Bling (when white news anchors are saying it without irony; it's over.)
Classic (especially if preceded by the word "instant" or "new")
Cougar (meaning a female over 35 who has a libido)
Crackberry - (I know, I know...)
Epic (especially followed by "win" or "fail")
_____ epidemic (usually paired with "drug" or "obesity")
Hells yeah or hella anything
Hit me up
I'm lovin' it
Irregardless (get a dictionary, Dumbass.)
It is what it is (this one will make me see the RCOB and induce me to violence.)
Lolz (or "lulz," or any word pluralized with a "z," for that matter.)
Married (to an inanimate object or abstract idea: "I do like this look, but I'm not married to it.")
Own (as in an idea, style, or plan: "Who's on this new media plan? Someone needs to own it!")
Owned (and/or pwned or pwnd or any other tense of the verb pwn used by Gamer Idjits.)
Post- (unless the suffix is "Raisin Bran," I don't want to hear your pseudo-intellectual lecture about it.)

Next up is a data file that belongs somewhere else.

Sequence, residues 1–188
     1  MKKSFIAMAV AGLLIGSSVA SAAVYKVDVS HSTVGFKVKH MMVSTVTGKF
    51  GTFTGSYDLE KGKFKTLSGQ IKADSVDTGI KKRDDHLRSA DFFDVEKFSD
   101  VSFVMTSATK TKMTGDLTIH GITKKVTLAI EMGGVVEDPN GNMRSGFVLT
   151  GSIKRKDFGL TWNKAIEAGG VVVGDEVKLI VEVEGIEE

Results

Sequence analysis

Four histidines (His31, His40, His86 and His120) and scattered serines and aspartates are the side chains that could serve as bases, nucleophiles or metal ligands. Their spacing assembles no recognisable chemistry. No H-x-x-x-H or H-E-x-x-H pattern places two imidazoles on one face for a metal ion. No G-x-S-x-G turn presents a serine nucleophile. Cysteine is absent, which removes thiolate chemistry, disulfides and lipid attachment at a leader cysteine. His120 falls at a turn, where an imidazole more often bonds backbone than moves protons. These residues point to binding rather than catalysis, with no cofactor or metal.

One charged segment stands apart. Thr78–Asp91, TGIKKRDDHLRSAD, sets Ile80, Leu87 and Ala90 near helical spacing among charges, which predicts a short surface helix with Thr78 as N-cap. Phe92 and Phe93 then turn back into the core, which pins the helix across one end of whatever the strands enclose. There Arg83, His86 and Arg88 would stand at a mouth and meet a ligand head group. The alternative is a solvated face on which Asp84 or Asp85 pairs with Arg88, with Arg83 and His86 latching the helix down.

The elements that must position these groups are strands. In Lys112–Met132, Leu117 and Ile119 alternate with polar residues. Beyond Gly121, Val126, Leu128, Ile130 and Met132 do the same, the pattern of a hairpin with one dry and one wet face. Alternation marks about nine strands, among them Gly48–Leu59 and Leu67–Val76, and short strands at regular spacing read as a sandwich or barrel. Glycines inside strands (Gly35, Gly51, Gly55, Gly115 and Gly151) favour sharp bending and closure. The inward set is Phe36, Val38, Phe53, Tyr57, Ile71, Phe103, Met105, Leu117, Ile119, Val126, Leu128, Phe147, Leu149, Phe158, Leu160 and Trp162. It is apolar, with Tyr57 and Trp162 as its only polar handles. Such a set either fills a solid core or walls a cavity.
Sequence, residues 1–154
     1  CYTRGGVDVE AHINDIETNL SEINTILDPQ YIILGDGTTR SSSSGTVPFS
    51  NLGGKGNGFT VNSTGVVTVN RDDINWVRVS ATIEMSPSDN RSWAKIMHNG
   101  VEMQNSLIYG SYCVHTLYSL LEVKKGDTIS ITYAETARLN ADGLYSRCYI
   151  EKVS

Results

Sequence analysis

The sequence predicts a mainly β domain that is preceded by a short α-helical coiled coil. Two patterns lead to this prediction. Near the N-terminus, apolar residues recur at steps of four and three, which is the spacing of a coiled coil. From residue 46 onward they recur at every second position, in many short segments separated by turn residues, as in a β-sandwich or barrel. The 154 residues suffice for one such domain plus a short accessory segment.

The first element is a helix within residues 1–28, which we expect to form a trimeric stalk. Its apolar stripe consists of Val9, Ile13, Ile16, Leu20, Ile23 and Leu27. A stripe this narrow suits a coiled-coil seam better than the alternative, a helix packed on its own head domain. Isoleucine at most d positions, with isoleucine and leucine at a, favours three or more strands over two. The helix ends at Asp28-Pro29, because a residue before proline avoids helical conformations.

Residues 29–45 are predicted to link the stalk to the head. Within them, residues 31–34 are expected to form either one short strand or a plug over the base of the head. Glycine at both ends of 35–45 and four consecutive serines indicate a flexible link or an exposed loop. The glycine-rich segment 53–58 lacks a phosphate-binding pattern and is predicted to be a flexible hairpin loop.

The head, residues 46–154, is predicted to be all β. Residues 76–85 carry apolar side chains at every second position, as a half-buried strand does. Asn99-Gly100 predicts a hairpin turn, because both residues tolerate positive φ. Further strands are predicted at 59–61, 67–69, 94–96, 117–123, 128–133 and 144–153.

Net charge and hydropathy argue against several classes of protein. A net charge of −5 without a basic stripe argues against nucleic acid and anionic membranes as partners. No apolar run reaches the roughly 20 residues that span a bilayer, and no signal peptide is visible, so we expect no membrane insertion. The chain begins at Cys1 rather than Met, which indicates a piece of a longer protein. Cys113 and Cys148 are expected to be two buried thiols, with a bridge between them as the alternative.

Pre-owned or pre-loved (USED...it's used, man.)
Product (only when used in the singular; "products" is OK)
Respect (as a salutation)
Sexy (when applied to inanimate objects, like iPhones or fonts)
Stimulus package (unless it's part of a dick joke.)
Take ownership of
The tipping point
Trust me on this (if you use this one I will NEVER trust you on anything.)
Vaginal rejuvenation (yikes!)
You know what I'm sayin'? (or "ya feel me?" - only appropriate when you're naked.)
So, Constant Readers... do you have any additions?
Monday, September 01, 2008
NOW IS THE TIME.
Turn off the coverage of Gustav, get off your ass and get out now.
If you decide to stay, I don't want to see your happy ass on CNN whining about how you didn't know it would be so bad, or that you didn't know it was coming.
And if your house and all your shit blows away, remember that YOU were the one that decided to live in a coastal region and bought a house constructed of kleenex and spit. Congrats on that low house payment.
Quote from yours Yours Truly in 1995 : "I don't care where the house is, as long as it's made of concrete block."